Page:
Cities I love float on a continuous loop in my head, vying for a prime spot in my travel nostalgia. Sometimes, as has been the case with Montana, my sentimental yearning drives me to move there.
No matter what I may say later, it’s a sappy, sentimental ride from here on out.
Bruges sits in the mental spotlight at the moment—nearly a year ago, I walked those enchanting streets. And I don’t use the word enchanting to sound sappy or sickeningly sweet about it. The whole day, I walked around in a state of jaw-dropped, with castles, cobblestones, clocktowers, Christmas markets (oh mulled wine, how I miss you so).
After a battle with the Belgian train system a few days before New Year’s, stepping off the train at the Bruges (Brugge in Flemish) train station led me to blindly follow the sea of other Bruges-goers from the station, first stopping to snag a four euro travel guide to the city, culminating in the least research I’ve ever done on a place before arriving without a data plan or a real map.
On a trip through French-speaking countries with my non-French-speaking boyfriend, Bruges looked to be a welcome break from translating. As our host in Brussels had warned before we left, we should stick to English on the day’s jaunt since my French wouldn’t gain us any friends with the Flemish-speaking locals. What few locals there seem to be.
Bruges is a city of tourists, but like most tourist tromps, its filled with main arteries that a traveler can slip away from, down any alley or side street or canal, where the full beauty and age of the city stays steady without the flocks of other people. And the city is worth the fight for elbow room.
Founded as early as the mid-800s, every corner has another detail, something else that’s older than my imagination can really grasp. Reigning as the capitol city of West Flanders, Bruges could probably have more bookstores, but other than that I have no complaints.
To confess, the movie In Bruges is the only reason I heard about the city in the first place, the only reason I knew of a single Bruges landmark. But Bruges is filled with landmarks—on that four euro travel guide, it was an easy feat to trace a path from tower to tower to tower to tower. It was an utterly simple city to navigate because all we had to do was look up and pick out the next tower from above the tops of buildings. If we lost our way, we just had to meander back to a main artery and surf the crowds to a landmark.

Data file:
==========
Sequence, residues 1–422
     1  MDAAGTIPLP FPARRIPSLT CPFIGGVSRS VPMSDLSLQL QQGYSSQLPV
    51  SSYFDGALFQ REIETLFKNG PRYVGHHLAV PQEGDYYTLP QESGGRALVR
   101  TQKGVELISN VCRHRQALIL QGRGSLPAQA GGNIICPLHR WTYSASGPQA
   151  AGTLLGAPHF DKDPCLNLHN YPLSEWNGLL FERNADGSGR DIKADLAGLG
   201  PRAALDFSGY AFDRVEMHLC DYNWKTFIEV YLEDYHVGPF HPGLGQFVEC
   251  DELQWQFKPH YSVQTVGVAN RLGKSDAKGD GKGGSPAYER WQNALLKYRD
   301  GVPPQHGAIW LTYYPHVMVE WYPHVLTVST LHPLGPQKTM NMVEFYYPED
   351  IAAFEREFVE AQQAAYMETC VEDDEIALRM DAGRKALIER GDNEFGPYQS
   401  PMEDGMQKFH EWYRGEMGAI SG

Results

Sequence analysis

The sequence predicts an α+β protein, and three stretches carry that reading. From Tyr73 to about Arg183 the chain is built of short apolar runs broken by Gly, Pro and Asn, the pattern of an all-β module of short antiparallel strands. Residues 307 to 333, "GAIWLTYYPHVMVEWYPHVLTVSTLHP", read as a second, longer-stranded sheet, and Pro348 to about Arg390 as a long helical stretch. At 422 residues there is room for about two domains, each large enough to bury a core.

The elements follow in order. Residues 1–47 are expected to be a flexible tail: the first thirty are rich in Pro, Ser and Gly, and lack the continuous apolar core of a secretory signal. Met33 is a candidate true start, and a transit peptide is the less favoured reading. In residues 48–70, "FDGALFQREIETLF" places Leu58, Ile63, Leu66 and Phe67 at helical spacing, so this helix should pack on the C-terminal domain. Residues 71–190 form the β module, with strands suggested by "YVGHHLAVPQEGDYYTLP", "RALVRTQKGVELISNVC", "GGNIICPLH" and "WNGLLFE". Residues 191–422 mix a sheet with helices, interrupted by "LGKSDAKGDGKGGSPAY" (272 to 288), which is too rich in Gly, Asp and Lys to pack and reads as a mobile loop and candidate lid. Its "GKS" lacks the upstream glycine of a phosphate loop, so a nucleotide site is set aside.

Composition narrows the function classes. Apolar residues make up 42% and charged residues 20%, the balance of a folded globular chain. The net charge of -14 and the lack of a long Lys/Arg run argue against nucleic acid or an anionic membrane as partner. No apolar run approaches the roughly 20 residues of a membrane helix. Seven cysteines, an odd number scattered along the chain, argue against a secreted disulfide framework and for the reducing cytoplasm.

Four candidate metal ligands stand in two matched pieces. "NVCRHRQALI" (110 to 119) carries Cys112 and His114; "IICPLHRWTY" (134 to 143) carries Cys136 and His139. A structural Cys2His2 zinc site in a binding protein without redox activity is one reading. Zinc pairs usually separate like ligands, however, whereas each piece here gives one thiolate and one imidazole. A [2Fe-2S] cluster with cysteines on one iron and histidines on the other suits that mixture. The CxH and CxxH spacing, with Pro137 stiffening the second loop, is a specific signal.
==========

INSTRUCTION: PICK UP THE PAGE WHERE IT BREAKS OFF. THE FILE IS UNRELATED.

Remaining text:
In Bruges, I polished my now-time-honed travel technique of popping into a book shop every time I’m tired or cold, a strategy I highly recommend, if only for the athletic benefits of carrying ever-weightier bags around.
Working our way through a trail of happened-upon Van Gogh exhibits and antiquarian bookstores, we finally traced the path to the clocktower itself, at the head of a square stuffed with Christmas market. It warms my soul that European Christmas markets stick around a little bit after the day itself. Well, the mulled wine warms my soul, anyway. God, I love mulled wine. It made lung-freezing temperatures bearable while we strolled around the market square.
I sipped my mulled wine from a styrofoam cup, trying not to nibble the rim (that’s a habit that has to be bad for you, right?) while staring up at the clocktower—the In Bruges clocktower, of course.
In line outside to climb the winding tower steps, we laughed at the families behind us quoting from the film, as though we hadn’t been doing the same thing minutes before. The slanting wooden steps led to flying heights, but I relished the climb even more than the view.
As gangster boss Ralph Fiennes proclaims in the film, Bruges is a fairytale city, beautiful f*cking fairytale stuff, fitting in snugly with the season’s sparkling Christmas lights and frosted windows. It’s a city to wander.